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Lloyd Turner

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In what was arguably his most notable achievement, Turner started up two teams each in Calgary and [[Edmonton, Alberta|Edmonton]], two of which eventually became the foundation of the [[Western Canada Hockey League]].<ref name = "HHOF"/> He personally managed the [[Calgary Tigers]], who played so well in the WCHL that they challenged the [[Montreal Canadiens]] for the [[Stanley Cup]] in 1924, albeit in a losing effort. Afterwards, he managed the [[Minneapolis Millers (AHA)|Minneapolis Millers]] of the [[American Hockey Association (1926-1942)|American Hockey Association]] and led them to a championship in 1926. Soon after, he flew back to the west to manage the [[Seattle Metropolitans]], who had joined the Western Canada Hockey League, which at this point had amalgamated with the [[Pacific Coast Hockey Association]] to become the Western Hockey League.
 
In what was arguably his most notable achievement, Turner started up two teams each in Calgary and [[Edmonton, Alberta|Edmonton]], two of which eventually became the foundation of the [[Western Canada Hockey League]].<ref name = "HHOF"/> He personally managed the [[Calgary Tigers]], who played so well in the WCHL that they challenged the [[Montreal Canadiens]] for the [[Stanley Cup]] in 1924, albeit in a losing effort. Afterwards, he managed the [[Minneapolis Millers (AHA)|Minneapolis Millers]] of the [[American Hockey Association (1926-1942)|American Hockey Association]] and led them to a championship in 1926. Soon after, he flew back to the west to manage the [[Seattle Metropolitans]], who had joined the Western Canada Hockey League, which at this point had amalgamated with the [[Pacific Coast Hockey Association]] to become the Western Hockey League.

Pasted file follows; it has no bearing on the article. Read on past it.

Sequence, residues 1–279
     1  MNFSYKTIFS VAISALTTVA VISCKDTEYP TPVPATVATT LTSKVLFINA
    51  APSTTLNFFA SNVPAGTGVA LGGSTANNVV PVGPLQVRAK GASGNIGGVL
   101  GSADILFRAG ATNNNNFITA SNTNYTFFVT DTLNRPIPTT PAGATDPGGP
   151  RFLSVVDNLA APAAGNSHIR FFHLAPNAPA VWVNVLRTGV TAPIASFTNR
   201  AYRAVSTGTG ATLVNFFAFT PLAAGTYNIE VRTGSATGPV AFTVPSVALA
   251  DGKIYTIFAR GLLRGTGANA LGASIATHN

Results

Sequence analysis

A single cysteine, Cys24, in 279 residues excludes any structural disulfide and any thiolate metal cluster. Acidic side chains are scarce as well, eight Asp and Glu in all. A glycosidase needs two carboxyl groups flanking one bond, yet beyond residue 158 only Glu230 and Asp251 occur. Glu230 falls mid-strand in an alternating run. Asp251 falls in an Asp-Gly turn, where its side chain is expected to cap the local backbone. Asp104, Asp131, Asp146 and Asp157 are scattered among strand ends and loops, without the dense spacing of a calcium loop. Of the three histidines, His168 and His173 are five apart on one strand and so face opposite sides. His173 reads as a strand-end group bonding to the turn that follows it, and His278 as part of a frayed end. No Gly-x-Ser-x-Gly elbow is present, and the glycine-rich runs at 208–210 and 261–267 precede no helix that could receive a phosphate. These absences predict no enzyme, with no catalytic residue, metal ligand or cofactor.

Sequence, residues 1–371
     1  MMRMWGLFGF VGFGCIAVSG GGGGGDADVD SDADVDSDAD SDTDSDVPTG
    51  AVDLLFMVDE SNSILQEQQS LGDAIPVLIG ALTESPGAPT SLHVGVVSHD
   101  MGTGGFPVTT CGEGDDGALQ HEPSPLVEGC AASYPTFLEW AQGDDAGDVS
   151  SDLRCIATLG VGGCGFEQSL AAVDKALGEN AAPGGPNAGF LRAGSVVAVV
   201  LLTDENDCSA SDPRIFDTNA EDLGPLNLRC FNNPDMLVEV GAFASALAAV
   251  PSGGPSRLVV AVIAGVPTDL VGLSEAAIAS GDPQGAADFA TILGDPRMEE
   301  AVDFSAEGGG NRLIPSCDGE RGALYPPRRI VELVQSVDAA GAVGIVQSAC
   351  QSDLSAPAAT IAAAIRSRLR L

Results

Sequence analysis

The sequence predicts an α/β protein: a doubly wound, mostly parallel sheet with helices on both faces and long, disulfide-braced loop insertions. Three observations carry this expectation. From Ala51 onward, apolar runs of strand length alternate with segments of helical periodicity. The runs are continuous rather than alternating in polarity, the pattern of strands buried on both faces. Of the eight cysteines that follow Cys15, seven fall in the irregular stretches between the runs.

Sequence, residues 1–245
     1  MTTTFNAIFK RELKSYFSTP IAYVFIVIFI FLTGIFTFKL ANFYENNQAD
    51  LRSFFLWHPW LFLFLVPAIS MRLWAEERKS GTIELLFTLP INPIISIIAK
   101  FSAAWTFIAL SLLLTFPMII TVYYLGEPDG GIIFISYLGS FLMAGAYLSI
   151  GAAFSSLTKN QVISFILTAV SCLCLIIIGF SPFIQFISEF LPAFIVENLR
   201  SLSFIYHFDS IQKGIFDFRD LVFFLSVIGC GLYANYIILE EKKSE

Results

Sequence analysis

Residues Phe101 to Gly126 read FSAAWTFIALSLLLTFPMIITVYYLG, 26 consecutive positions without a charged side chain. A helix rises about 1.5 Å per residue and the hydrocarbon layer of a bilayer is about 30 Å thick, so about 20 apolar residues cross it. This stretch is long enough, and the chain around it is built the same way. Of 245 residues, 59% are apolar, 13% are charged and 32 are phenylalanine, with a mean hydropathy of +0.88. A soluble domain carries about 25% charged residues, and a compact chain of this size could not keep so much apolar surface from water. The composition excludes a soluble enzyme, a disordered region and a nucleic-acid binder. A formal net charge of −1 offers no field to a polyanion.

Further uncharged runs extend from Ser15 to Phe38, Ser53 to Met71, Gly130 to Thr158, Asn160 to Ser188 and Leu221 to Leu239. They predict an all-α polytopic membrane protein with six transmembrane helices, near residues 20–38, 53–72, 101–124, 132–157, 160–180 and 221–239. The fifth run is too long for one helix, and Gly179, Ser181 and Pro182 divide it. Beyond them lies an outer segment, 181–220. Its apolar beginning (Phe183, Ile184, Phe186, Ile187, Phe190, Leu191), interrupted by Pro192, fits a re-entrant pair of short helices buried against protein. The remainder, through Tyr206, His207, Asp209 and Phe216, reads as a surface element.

In the 1930s, Turner changed his focus to senior amateur hockey. He wanted to raise the profile of the [[Allan Cup]], so he promised to pay [[W.G. Hardy]], then-president of the [[Canadian Amateur Hockey Association]] (CAHA), $1,500 for every game played in Calgary in the [[1936-37 Allan Cup Final]].<ref name = "HHOF"/> By 2006 standards, this is about $20,000 per game. Turner paid to have fans shuttled in via train from as far as 150 miles away. Thanks to media coverage, the popularity of the tournament skyrocketed, and the CAHA raised a significant amount of funds.
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In the 1930s, Turner changed his focus to senior amateur hockey. He wanted to raise the profile of the [[Allan Cup]], so he promised to pay [[W.G. Hardy]], then-president of the [[Canadian Amateur Hockey Association]] (CAHA), $1,500 for every tournament finals game played in Calgary.<ref name = "HHOF"/> By 2006 standards, this is about $20,000 per game. Turner paid to have fans shuttled in via train from as far as 150 miles away. Thanks to media coverage, the popularity of the tournament skyrocketed, and the CAHA raised a significant amount of funds.
   
 
Turner created and managed several more leagues, teams, and tournaments throughout his life. He concentrated efforts on creating military and civilian tournaments, and he organized the Southern Alberta Indian Tournament, a competition for the First Nations tribes of Alberta. For this, he received the honorary title of ''Chief Sitting Bull.''
 
Turner created and managed several more leagues, teams, and tournaments throughout his life. He concentrated efforts on creating military and civilian tournaments, and he organized the Southern Alberta Indian Tournament, a competition for the First Nations tribes of Alberta. For this, he received the honorary title of ''Chief Sitting Bull.''
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